Release Date: September 7, 2001
BUFFALO, N.Y. -- A new risk map that reveals the hazards most likely to occur in the future on Popocatepetl -- located just 60 kilometers from Mexico City and considered the planet's riskiest volcano -- has been developed by University at Buffalo volcanologist Michael F. Sheridan, Ph.D., and colleagues at UB and the National University of Mexico (UNAM).
The map shows which areas will be in danger if a catastrophic event occurs at Popocatepetl and allows civil authorities in Mexico to make more informed evacuation decisions since it more precisely forecasts which areas an eruption's mud flows and avalanches are likely to reach.
The researchers decided to develop the map following the volcano's eruption last December, its most violent in historic times. Since then, Popocatepetal has continued to experience "sporadic, large eruptions," Sheridan said, and Mexican authorities are watching it closely.
According to Sheridan, Mexican researchers have state-of-the-art systems in place at Popocatepetl to monitor significant changes in what has been called the world's most monitored volcano.
"What's been missing is an equally advanced method of predicting just which populations actually will be in danger," he said.
A more accurate map became a critical priority, Sheridan said, following Popocatepetl's increased activity last winter.
"We've constructed these sorts of models after the event," said Sheridan. "But when you do that, people comment that, of course, you can correctly adjust the parameters after the event. But could you do it beforehand? So, from a humanitarian point of view, we decided we really wanted to make this forecast. We want to save as many people as possible."
After Popocatepetl erupted last December, Sheridan, along with UB geology professor Marcus Bursik; Bernard Hubbard, former Ph.D. candidate in the UB Department of Geology, and colleagues at UNAM, began using newly acquired digital topography to model the hazards the recent activity represents.
Digital topography represents topographic information by providing a grid of data points that specify elevation values for each individual grid area in the region being studied. Sheridan explained that the earlier hazard map of Popocatepetl was based on a grid spacing of hundreds of meters, a scale that omitted many important geologic features.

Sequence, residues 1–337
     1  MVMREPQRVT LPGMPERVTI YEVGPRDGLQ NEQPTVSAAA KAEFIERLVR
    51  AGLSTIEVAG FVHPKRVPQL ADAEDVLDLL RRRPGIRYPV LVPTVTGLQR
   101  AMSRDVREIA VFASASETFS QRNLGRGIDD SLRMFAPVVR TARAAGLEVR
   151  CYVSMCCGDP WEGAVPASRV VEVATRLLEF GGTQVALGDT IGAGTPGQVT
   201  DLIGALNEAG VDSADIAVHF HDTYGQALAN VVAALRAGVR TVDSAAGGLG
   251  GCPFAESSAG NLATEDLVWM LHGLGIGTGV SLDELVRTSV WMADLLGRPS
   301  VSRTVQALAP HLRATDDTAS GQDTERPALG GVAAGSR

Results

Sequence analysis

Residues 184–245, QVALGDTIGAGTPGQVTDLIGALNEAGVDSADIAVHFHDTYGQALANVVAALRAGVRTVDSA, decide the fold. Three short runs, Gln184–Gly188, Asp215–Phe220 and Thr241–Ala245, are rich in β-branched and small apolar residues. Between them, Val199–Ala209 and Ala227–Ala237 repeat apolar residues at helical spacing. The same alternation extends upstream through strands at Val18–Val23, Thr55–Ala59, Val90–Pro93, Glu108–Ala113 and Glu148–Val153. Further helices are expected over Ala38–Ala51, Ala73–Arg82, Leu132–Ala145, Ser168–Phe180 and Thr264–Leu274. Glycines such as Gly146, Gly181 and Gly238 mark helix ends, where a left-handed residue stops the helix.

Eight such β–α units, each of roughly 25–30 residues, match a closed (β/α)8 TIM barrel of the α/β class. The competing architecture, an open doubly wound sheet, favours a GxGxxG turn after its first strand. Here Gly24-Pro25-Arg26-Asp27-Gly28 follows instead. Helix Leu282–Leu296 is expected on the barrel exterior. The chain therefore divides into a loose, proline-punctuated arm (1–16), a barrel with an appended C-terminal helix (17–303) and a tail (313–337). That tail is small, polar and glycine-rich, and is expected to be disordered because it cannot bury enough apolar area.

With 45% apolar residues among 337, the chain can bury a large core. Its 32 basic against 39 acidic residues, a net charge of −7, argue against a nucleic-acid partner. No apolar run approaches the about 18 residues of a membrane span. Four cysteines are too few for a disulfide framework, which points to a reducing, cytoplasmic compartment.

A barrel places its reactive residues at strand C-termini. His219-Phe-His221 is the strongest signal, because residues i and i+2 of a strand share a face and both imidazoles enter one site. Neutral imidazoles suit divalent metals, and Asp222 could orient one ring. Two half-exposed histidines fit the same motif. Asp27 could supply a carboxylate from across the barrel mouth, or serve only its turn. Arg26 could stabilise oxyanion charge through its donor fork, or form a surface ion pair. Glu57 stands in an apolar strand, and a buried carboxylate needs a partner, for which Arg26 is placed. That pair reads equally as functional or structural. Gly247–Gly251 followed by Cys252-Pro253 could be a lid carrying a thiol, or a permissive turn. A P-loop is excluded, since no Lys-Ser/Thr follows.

Data points now available and obtained from satellite data provided by NASA are separated by only 90 meters, a huge improvement, Sheridan said. He and Bursik now are working on new data points for Popocatepetl and other volcanoes separated by only tens of meters.
The improved resolution, however, results in a much larger dataset, making calculation of the flow paths and visualization of the data more time-consuming and far more demanding computationally.
To churn through all that data, the UB researchers use supercomputers at UB's Center for Computational Research.
"This new map is a major refinement," he said, in comparison to the 1995 hazard map of Popocatepetl that he and UNAM researchers developed. "We have been able to use actual volumes of flowing material to demonstrate different levels of damage, based on how violent the eruption is."
During the past six years, Popocatepetl has exhibited intermittent phases of activity, explosively ejecting gases and particles and then emitting only an occasional steam burst.
But December's active period was different, Sheridan said.
"Having red hot rocks thrown miles from the top of the volcano -- that hasn't happened in historic times," he said.
"It now has been more than 1,200 years since an eruption that seriously affected human habitation and that's what makes it a little scary," said Sheridan. "The volcano could go into a more dangerous phase at any time."
From field studies that include radiocarbon dating of samples taken from the mountain, scientists now know that catastrophic eruptions happen at Popocatepetl about every 1,000 years. The last large eruption that affected a population center is the one that occurred about 1,200 years ago Sheridan said, and products of that wiped out most of the area now occupied by Puebla, a city that is only 40 kilometers away, and is now home to about one million people.